Photo / Steffen Pedersen
From storytelling to social work, rural Victorian writer Neil Boyack is a man with a fair bit to talk about. He’s also just released his debut poetry collection, Self Help and Other Works. I talked words, work and self-publishing with the man right after polishing off the single most disturbing pad thai of my life. With a mouth still greasy from clotted bits of chicken that really only resembled bits of chicken, it felt good to talk about something more wholesome than a meal of lies.
“I’ve cut my teeth on short stories,” says Boyack on his recent turn to poetry in his e-pub, Self Help and Other Works. Boyack, who also directs the annual Newstead Short Story Tattoo festival, began self-publishing collections of his published and unpublished grunge stories in the mid-nineties with Black and Snakeskin-Vanilla.
Even since his first collection ended up on the coffee table of the editor of Rolling Stone magazine, Boyack has been a fierce advocate for self-published works and the reach they can pull.
“You have to put yourself out there; you have to be vulnerable; you have to show vulnerability.
“I think major publishers have got an issue now – they’ve got some real competition from blogs and they’ve got some real competition from self-publishers.”
But Self Help is something a little different for Boyack.
“Poetry is another mindset. You really have to think, think, think and redraft and unpack the right words and the right emotional pitch. I really enjoy that about poetry.”
As a committed storyteller, Boyack sees poetry as a powerful way to communicate his tales of outer and inner city frustrations and of social survival in a harsh, albeit redeemable, world.
“If you read my poems they’re little stories really,” admits Boyack. “But I really like the way [with poetry] you can move lines around the page and punctuate poems with spaces to break up the thought and the breath of the reader.”
Self Help is stuffed with Boyack’s staggered tales of an unforgiving rural environment, people making what they can with their world, and the ironies of a white Australia with a black history.
For Boyack, it’s important these tales are told in a simple way.
“I think that’s the hard work in poetry, is getting simple – you have to do a lot of hard work to get the images simple. Being self-indulgent’s pretty easy and it’s esoteric, so no one really knows what you’re on about, but working really really hard to get simple shows your vulnerability, and vulnerability is non-negotiable for me. If you’re not prepared to put yourself on the page, don’t do it.”
Part of this vulnerability involves exposing the vulnerability of others, too. Boyack’s blunt, striking commentaries in Self Help on life in hot rural towns, on inner-city streets and from the Murray River deal with characters who are unseen or whose stories usually go untold.
These are also the characters Boyack sees everyday in his social work.
“Unless you work in social work or in welfare [they’re] invisible, so in some ways I’m paying homage to the people and the experiences I’ve seen, but [in] writing about them I’m making them visible, rather than keeping them invisible.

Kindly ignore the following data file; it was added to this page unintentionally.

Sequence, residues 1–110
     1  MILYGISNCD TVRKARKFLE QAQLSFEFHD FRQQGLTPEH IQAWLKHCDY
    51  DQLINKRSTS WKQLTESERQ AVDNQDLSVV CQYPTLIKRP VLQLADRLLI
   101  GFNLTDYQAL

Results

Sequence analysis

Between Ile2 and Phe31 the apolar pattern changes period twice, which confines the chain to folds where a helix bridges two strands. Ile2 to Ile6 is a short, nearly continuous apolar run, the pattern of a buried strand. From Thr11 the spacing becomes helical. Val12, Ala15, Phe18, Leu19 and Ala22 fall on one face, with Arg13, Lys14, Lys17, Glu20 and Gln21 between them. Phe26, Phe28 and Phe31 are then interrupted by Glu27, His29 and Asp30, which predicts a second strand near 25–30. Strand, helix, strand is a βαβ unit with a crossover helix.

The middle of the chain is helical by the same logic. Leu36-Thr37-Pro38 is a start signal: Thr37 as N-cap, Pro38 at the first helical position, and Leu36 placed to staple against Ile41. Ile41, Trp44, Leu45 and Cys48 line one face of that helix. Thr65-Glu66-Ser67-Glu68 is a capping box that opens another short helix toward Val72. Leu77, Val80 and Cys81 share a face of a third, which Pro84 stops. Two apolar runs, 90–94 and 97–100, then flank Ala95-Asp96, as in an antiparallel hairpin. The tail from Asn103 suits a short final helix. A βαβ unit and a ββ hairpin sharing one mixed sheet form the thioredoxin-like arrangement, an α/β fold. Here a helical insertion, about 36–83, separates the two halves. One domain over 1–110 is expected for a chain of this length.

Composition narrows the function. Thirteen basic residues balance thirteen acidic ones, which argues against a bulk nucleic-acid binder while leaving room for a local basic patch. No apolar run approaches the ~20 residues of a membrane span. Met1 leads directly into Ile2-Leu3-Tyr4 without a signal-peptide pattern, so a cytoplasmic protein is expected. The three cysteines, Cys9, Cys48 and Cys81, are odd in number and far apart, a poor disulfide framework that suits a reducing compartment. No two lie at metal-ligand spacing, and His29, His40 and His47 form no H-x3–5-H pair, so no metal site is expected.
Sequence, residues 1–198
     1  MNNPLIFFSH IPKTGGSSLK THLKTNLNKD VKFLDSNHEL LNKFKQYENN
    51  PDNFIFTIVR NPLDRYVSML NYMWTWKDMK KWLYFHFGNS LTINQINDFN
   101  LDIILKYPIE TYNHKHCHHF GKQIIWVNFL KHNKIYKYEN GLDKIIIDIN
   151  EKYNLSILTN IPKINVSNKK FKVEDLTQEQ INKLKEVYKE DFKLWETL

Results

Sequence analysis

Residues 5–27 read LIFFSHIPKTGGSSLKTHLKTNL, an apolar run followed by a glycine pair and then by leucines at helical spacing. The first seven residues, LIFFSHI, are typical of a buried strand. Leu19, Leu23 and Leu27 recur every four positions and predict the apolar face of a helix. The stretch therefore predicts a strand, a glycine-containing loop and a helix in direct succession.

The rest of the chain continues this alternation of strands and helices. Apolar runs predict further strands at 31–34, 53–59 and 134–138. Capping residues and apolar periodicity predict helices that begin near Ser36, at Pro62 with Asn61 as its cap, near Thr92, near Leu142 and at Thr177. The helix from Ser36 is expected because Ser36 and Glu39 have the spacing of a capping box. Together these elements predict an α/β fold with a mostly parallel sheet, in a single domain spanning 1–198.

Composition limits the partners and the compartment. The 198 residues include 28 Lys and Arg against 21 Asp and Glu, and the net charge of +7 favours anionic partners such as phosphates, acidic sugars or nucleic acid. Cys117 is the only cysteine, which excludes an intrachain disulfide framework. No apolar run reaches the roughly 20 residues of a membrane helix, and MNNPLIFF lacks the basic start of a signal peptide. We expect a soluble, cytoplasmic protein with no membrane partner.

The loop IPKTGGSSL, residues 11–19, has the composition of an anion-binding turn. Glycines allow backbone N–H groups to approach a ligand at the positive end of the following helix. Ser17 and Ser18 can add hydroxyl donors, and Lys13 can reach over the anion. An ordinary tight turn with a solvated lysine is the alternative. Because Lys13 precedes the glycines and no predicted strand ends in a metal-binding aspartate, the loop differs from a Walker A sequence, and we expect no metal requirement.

“I’m not saying I’m the champion of welfare or a saint, but I think [those stories] are so legitimate, and they’re stories that need to be told and I hope in some way I’m doing that.”
Part of this storytelling stems from Boyack’s preoccupation with identity, which has threaded its way through Boyack’s own life, from his adoption at six-months-old to his ongoing role as social worker.
“I’m very interested in/passionate about landscape and identity, and I suppose it started with my own identity. You know, I was born into care and adopted as a baby – I haven’t got a hang-up with it, but I often think about things that have made me who I am today, for better or worse.”
This natural interest in his own identity also led to an interest in the people around him, the identity of Indigenous Australia, and the role of landscape in shaping the way we are.
“I’m really interested in the experiences people have to make them who they are, and along with that comes identity and Indigenous identity – what creates the Indigenous identity, and what ironies exist in contemporary Australian society with regards to that – so I suppose that real concern with identity is a part of me: it’s a part of my life, it’s in my blood.”
Boyack’s social work not only provides fuel for his writing in terms of people’s experiences (without, he stresses, “stealing people’s stories”), but tempers it with a solid grounding in the everyday that’s so central to his stories and poetry.
“I’ve come to the realisation I can’t do one without the other. I can’t just write, because I reckon – I think Jonathan Franzen said it: ‘Full time writing’s full time boredom’ – I need to be able to experience the salt of the earth, other people’s stories, my own stories [and] my own experiences in order to write.
“I love my writing and I love my social work – my work with people – so they sort of inform one another.”
With a new collection, Country Junk and Other Stories, due out early next year and a bunch of other poetry projects on the go, Boyack is never short of stories to tell, or the need to tell them.
His advice to young writers is as raw and unflinchingly honest as his writing:
“Be more proactive, have the guts to jump in the deep end. Rule number one: vulnerability is non-negotiable. If you care about what your parents think maybe you should wait a few years or not write – otherwise it’s going to be over your head for the rest of the time.”
You can read more about Neil Boyack’s work here: neilboyack.com